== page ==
Supplemental Keywords:

ecosystem, ecosystem protection, environmental exposure and risk, geographic area, international cooperation, water, terrestrial ecosystems, aquatic ecosystem, aquatic ecosystem restoration, aquatic ecosystems and estuarine research, biochemistry, ecological effects, ecological indicators, ecological monitoring, ecology and ecosystems, environmental chemistry, restoration, state, water and watershed, watershed, watershed development, watershed land use, watershed management, watershed modeling, watershed restoration, watershed sustainability, agricultural watershed, exploratory research environmental biology, California, CA, Clear Lake, Lake Tahoe, anthropogenic effects, aquatic habitat, biogeochemical cycling, ecological assessment, ecology assessment models, ecosystem monitoring, ecosystem response, ecosystem stress, environmental stress, environmental stress indicators, fish habitat, hydrologic modeling, hydrology, integrated watershed model, lake ecosystems, lakes, land use, nutrient dynamics, nutrient flux, water management options, water quality, wetlands., RFA, Scientific Discipline, Water, Ecosystem Protection/Environmental Exposure & Risk, Chemical Engineering, Environmental Chemistry, Monitoring/Modeling, Analytical Chemistry, Environmental Monitoring, Ecology and Ecosystems, Engineering, Chemistry, & Physics, hydroxyl radical, aquatic ecosystem, trace organic identification, mass spectrometry, MTBE, pesticides, gas chromatography, ecological risk, pesticide residue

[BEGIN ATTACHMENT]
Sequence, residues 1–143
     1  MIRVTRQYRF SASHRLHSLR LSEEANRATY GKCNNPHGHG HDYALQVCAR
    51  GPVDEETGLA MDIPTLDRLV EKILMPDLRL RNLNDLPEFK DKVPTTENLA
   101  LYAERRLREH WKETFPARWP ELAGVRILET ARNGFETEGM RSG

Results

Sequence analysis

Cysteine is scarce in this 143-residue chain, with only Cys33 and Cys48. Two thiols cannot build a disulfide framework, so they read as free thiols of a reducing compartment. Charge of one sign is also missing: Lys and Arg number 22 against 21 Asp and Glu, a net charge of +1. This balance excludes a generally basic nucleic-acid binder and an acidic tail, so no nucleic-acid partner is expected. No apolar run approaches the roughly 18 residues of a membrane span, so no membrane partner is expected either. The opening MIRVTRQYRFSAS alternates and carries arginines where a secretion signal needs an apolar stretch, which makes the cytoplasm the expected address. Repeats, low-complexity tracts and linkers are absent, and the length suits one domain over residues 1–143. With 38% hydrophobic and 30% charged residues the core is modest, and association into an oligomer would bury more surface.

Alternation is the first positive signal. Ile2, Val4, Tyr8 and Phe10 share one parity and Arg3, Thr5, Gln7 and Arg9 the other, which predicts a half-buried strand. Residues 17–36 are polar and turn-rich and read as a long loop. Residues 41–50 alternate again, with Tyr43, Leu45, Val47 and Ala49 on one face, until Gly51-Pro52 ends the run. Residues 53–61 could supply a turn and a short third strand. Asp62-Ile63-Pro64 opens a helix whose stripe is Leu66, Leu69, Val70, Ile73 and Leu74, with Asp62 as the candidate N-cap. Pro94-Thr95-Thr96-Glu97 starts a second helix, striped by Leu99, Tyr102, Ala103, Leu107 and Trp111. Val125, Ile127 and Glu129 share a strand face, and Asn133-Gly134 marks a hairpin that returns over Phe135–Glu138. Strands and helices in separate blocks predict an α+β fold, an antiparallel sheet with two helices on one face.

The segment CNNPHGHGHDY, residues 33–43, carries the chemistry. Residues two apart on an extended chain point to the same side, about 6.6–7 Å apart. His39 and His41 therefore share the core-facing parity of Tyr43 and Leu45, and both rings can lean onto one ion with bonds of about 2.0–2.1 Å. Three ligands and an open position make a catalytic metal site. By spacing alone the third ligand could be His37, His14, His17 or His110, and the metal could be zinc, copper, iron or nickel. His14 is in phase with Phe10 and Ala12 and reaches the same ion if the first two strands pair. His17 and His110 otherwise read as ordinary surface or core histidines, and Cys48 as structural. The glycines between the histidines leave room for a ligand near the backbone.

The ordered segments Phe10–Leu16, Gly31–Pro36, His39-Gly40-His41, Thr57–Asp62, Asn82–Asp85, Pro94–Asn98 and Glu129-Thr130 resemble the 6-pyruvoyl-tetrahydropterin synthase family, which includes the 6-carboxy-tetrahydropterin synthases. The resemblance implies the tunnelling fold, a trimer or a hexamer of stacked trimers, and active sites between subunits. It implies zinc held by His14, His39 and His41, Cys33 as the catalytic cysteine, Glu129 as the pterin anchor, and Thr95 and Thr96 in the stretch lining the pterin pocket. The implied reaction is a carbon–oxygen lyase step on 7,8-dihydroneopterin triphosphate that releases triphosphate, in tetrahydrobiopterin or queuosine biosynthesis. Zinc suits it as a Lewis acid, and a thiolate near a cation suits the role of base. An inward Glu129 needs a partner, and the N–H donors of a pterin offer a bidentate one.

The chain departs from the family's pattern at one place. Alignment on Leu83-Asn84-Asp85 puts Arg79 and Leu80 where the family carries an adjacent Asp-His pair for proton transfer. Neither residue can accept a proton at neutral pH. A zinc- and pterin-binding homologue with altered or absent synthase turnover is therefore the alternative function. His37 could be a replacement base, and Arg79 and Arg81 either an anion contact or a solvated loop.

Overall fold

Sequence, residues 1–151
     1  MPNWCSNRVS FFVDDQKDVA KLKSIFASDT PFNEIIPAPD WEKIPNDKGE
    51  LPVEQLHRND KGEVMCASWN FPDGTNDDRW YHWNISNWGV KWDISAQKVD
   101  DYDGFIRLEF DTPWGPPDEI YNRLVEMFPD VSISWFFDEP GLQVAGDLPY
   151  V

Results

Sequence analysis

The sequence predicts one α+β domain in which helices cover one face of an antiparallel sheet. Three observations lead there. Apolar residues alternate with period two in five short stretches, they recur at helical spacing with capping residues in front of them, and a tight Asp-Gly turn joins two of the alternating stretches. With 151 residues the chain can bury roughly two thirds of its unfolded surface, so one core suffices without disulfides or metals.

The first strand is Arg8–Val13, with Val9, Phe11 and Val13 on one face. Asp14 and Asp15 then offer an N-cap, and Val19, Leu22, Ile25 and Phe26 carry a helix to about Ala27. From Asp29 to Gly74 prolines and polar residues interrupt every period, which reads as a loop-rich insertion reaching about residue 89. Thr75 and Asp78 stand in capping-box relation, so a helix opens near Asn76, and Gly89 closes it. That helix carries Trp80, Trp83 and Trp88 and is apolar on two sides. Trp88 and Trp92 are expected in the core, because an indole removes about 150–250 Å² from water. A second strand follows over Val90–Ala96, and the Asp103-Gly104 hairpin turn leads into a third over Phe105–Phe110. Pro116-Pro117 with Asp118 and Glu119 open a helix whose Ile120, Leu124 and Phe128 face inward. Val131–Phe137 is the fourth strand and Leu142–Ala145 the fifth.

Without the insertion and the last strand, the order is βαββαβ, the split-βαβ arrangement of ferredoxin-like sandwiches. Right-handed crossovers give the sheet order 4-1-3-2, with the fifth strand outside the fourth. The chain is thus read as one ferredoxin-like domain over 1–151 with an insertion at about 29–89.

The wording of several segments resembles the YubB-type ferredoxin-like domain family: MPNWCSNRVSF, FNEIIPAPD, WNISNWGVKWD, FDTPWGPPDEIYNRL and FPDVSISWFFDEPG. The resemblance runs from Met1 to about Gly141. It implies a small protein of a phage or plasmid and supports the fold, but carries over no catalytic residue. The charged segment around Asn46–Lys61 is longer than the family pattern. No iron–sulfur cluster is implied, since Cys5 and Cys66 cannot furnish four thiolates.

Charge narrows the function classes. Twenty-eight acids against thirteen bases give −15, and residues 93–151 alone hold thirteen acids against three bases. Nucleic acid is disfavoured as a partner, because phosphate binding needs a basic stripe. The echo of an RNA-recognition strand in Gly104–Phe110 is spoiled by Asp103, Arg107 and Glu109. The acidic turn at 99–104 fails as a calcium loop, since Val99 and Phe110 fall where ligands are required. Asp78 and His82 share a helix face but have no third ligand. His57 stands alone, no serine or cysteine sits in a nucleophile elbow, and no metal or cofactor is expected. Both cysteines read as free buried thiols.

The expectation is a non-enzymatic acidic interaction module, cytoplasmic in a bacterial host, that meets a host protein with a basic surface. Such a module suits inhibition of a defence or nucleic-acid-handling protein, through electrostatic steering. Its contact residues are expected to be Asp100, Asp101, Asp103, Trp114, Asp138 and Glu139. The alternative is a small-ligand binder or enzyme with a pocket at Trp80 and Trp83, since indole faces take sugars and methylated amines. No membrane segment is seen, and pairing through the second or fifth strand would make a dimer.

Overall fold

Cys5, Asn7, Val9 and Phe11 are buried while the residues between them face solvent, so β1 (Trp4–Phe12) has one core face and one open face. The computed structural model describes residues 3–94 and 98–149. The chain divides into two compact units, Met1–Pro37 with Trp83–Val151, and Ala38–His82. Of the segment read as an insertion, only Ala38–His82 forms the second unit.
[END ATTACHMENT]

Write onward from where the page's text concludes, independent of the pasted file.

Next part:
Relevant Websites: Exit

Progress and Final Reports:

Original Abstract
  • 1997
  • 1998
  • 1999 Progress Report

  • Main Center Abstract and Reports:

    R825433    EERC - Center for Ecological Health Research (Cal Davis)

    Subprojects under this Center: (EPA does not fund or establish subprojects; EPA awards and manages the overall grant for this center).
    R825433C001 Potential for Long-Term Degradation of Wetland Water Quality Due to Natural Discharge of Polluted Groundwater
    R825433C002 Sacramento River Watershed
    R825433C003 Endocrine Disruption in Fish and Birds
    R825433C004 Biomarkers of Exposure and Deleterious Effect: A Laboratory and Field Investigation
    R825433C005 Fish Developmental Toxicity/Recruitment
    R825433C006 Resolving Multiple Stressors by Biochemical Indicator Patterns and their Linkages to Adverse Effects on Benthic Invertebrate Patterns
    R825433C007 Environmental Chemistry of Bioavailability in Sediments and Water Column
    R825433C008 Reproduction of Birds and mammals in a terrestrial-aquatic interface
    R825433C009 Modeling Ecosystems Under Combined Stress
    R825433C010 Mercury Uptake by Fish
    R825433C011 Clear Lake Watershed
    R825433C012 The Role of Fishes as Transporters of Mercury
    R825433C013 Wetlands Restoration
    R825433C014 Wildlife Bioaccumulation and Effects
    R825433C015 Microbiology of Mercury Methylation in Sediments
    R825433C016 Hg and Fe Biogeochemistry
    R825433C017 Water Motions and Material Transport
    R825433C018 Economic Impacts of Multiple Stresses
    R825433C019 The History of Anthropogenic Effects
    R825433C020 Wetland Restoration
    R825433C021 Sierra Nevada Watershed Project
    R825433C022 Regional Transport of Air Pollutants and Exposure of Sierra Nevada Forests to Ozone
    R825433C023 Biomarkers of Ozone Damage to Sierra Nevada Vegetation